K.J. Jones
May 1, 2008
Photos By: Steve Turner
Steeda's Steve Chichisola positions the company's new high-capacity heat exchanger on the front of David and Tedd Siegel's '07 Shelby GT 500. This replacement for the stock exchanger reduces air-charge temps and provides greater overall cooling for the factory superchargers, or Roush and Magnacharger blowers for S197 Mustang GTs.

Horse Sense: The best way to comprehend the inefficiency of a heat-soaked supercharger is to imagine trying to move a ship's anchor that's stuck 100 feet below the ocean floor. Basically, hot air has the opposite effect on an engine than that of cold air-it hurts performance. In this case, heat inside the blower and the air charge it generates all but extinguishes an engine's ability to make good power.

Cool, crisp inlet-air temperature is a friend to all internal combustion engines. To put it in better perspective, cold air, as inlet air is commonly called in most high-performance circles, makes horsepower. We have no argument for that sentiment. We're always looking for and trying out new methods of increasing or improving the air that a naturally aspirated or power-adder-assisted Mustang engine takes in.

Air enhancement for S197s has been the hot ticket lately. The cars are super popular, and the aftermarket has seen to it that all types of cold-air intake systems, superchargers, turbos, and nitrous sets are readily available for the new '05-'08 'Stangs. For this exercise, we're looking at Steeda's new high-capacity heat exchanger (PN 555-3706; $449.95) for factory-supercharged Shelby GT 500s and S197 GTs that get additional oomph from positive-displacement blower offerings of Roush and Magnacharger.

Air-to-water intercooling is the primary method of lowering air temperature in supercharged '05-'08 Mustangs equipped with these types of superchargers. Blower-mounted intercoolers for both systems use engine coolant that passes through their cores to lower charged air's temperature just before it enters the engine.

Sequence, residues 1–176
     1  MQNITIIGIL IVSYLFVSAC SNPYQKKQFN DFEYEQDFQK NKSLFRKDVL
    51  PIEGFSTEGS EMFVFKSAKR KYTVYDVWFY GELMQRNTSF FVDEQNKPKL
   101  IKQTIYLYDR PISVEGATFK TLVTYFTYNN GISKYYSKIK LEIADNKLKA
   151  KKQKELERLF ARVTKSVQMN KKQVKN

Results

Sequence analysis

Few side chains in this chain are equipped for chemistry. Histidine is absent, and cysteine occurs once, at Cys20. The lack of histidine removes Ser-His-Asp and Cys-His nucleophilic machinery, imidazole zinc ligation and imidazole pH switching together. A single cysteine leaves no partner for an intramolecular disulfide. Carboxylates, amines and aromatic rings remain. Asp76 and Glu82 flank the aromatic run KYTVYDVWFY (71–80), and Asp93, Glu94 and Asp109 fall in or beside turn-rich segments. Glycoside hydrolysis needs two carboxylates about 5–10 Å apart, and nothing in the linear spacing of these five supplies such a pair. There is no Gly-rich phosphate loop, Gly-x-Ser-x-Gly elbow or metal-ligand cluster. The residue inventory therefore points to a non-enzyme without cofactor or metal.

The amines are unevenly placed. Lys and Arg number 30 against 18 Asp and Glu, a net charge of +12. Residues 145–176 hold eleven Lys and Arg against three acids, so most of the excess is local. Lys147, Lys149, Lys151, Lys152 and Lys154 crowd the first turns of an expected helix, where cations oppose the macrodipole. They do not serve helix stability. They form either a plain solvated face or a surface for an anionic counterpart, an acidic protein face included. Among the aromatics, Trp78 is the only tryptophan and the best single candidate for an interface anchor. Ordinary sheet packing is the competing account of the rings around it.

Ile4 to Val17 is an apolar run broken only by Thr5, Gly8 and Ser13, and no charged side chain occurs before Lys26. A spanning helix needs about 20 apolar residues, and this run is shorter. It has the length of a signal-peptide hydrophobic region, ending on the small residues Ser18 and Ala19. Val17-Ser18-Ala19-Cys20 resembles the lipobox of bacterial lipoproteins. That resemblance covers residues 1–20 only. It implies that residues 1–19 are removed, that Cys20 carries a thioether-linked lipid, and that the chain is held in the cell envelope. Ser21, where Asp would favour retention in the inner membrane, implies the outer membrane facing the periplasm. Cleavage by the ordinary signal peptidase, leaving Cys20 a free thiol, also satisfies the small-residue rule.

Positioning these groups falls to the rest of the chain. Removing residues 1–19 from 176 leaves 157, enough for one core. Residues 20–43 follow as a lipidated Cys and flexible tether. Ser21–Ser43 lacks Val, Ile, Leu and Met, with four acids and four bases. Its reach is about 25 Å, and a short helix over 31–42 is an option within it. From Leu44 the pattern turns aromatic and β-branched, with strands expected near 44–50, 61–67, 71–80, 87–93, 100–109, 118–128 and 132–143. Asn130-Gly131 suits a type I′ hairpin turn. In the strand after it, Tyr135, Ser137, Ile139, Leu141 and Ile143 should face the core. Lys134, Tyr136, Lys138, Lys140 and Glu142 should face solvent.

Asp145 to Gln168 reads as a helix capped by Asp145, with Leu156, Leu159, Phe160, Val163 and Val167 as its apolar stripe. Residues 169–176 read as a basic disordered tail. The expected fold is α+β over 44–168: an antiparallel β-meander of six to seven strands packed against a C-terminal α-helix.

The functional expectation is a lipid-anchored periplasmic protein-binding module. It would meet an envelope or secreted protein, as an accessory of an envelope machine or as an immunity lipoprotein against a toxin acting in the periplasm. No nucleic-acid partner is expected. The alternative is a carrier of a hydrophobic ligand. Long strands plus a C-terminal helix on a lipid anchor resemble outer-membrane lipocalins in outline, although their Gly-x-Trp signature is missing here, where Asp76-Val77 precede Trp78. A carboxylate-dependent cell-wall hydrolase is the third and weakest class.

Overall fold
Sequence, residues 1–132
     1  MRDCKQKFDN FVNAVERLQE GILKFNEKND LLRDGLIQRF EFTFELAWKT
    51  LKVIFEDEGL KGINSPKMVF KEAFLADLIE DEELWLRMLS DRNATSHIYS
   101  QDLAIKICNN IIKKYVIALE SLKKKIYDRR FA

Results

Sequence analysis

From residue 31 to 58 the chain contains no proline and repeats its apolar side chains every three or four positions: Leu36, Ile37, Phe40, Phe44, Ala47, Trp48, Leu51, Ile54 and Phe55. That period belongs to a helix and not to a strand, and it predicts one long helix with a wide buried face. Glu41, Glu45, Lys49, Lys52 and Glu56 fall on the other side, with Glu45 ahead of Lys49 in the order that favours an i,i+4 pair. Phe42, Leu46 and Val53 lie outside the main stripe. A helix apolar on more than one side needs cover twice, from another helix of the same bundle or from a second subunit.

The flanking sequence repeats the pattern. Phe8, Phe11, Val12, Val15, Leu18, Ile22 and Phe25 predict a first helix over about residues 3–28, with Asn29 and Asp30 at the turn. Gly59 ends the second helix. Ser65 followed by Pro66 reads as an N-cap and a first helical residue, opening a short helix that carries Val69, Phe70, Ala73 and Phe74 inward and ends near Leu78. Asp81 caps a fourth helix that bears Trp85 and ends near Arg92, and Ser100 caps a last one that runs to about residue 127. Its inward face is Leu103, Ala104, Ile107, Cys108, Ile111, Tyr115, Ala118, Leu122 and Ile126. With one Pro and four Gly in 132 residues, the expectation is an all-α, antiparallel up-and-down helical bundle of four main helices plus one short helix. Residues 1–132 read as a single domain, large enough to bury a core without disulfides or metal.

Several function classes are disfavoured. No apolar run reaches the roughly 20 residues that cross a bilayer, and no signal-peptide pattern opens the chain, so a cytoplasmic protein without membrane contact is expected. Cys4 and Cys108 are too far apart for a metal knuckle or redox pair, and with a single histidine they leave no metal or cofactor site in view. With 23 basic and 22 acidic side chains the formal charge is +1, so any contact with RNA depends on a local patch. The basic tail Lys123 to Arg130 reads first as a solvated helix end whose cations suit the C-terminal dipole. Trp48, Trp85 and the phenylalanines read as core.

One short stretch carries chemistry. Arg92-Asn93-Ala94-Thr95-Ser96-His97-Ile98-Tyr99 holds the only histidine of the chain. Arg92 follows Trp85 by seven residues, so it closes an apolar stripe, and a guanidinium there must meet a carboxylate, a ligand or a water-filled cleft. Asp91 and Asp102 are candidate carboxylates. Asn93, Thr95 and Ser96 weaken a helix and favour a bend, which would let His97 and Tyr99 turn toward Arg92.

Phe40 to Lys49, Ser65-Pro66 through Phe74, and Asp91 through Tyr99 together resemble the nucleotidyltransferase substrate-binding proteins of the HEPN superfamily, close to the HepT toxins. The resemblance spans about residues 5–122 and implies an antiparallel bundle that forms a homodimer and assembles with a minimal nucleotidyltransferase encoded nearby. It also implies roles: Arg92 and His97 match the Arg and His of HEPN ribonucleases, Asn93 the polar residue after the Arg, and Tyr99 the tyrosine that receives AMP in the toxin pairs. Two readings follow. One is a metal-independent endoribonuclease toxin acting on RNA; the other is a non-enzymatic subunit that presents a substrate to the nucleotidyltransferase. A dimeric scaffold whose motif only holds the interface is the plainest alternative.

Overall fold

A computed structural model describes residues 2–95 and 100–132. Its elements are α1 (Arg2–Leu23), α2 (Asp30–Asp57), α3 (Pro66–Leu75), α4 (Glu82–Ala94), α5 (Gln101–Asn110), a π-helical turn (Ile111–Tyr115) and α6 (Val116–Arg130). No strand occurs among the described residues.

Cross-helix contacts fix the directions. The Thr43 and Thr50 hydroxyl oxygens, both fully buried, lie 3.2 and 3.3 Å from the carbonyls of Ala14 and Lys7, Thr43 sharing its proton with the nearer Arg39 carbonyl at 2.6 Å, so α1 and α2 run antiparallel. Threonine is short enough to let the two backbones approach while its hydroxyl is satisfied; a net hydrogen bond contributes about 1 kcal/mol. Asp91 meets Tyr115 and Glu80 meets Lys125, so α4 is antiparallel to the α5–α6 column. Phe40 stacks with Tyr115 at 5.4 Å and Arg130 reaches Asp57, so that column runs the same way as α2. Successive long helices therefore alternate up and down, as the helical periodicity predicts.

Once the front bumper cover is void of its mounting hardware (bolts, screws, nuts, and other fasteners should be stored in a safe location), the Shelby's front bumper cover is carefully removed and set aside.

Often, especially when additional mods are made to increase horsepower, a Shelby's stock intercooler (or one included with a Roush or Magnacharger unit) loses its ability to disperse heat and maintain efficiency, despite the presence of radiator-style heat exchangers mounted behind the front bumper that serve as additional independent cooling systems for the blowers.

The root of the situation is, stock-type heat exchangers are too small, and they can't keep up with the amount of heat a supercharger generates and stores once a supercharged 4.6 or 5.4 makes serious steam.

The new Steeda heat exchanger we're installing is much bigger than the OEM Shelby GT 500 or those included with aftermarket units. It will increase superchargers' cooling by more than 160 percent, as flowing coolant will experience huge reductions in temperature, thanks to its increased size.

David and Tedd Siegel of Total Mustang Supply spotted us their lightly modded (CAI, pulley, and tune) Shelby GT 500 to use as the subject 'Stang in this effort, and Steeda's Steve Chichisola is our installer. Bolt-in time for this deal is approximately two and a half hours-it may take longer on Mustang GTs, as a few minor modifications are required. We feel the installation should be performed by 'Stang techs in a fully equipped shop. However, any mechanically adept Shelby owner probably will be able to take care of this install in the driveway, as long as a buddy or two is around to lend a hand.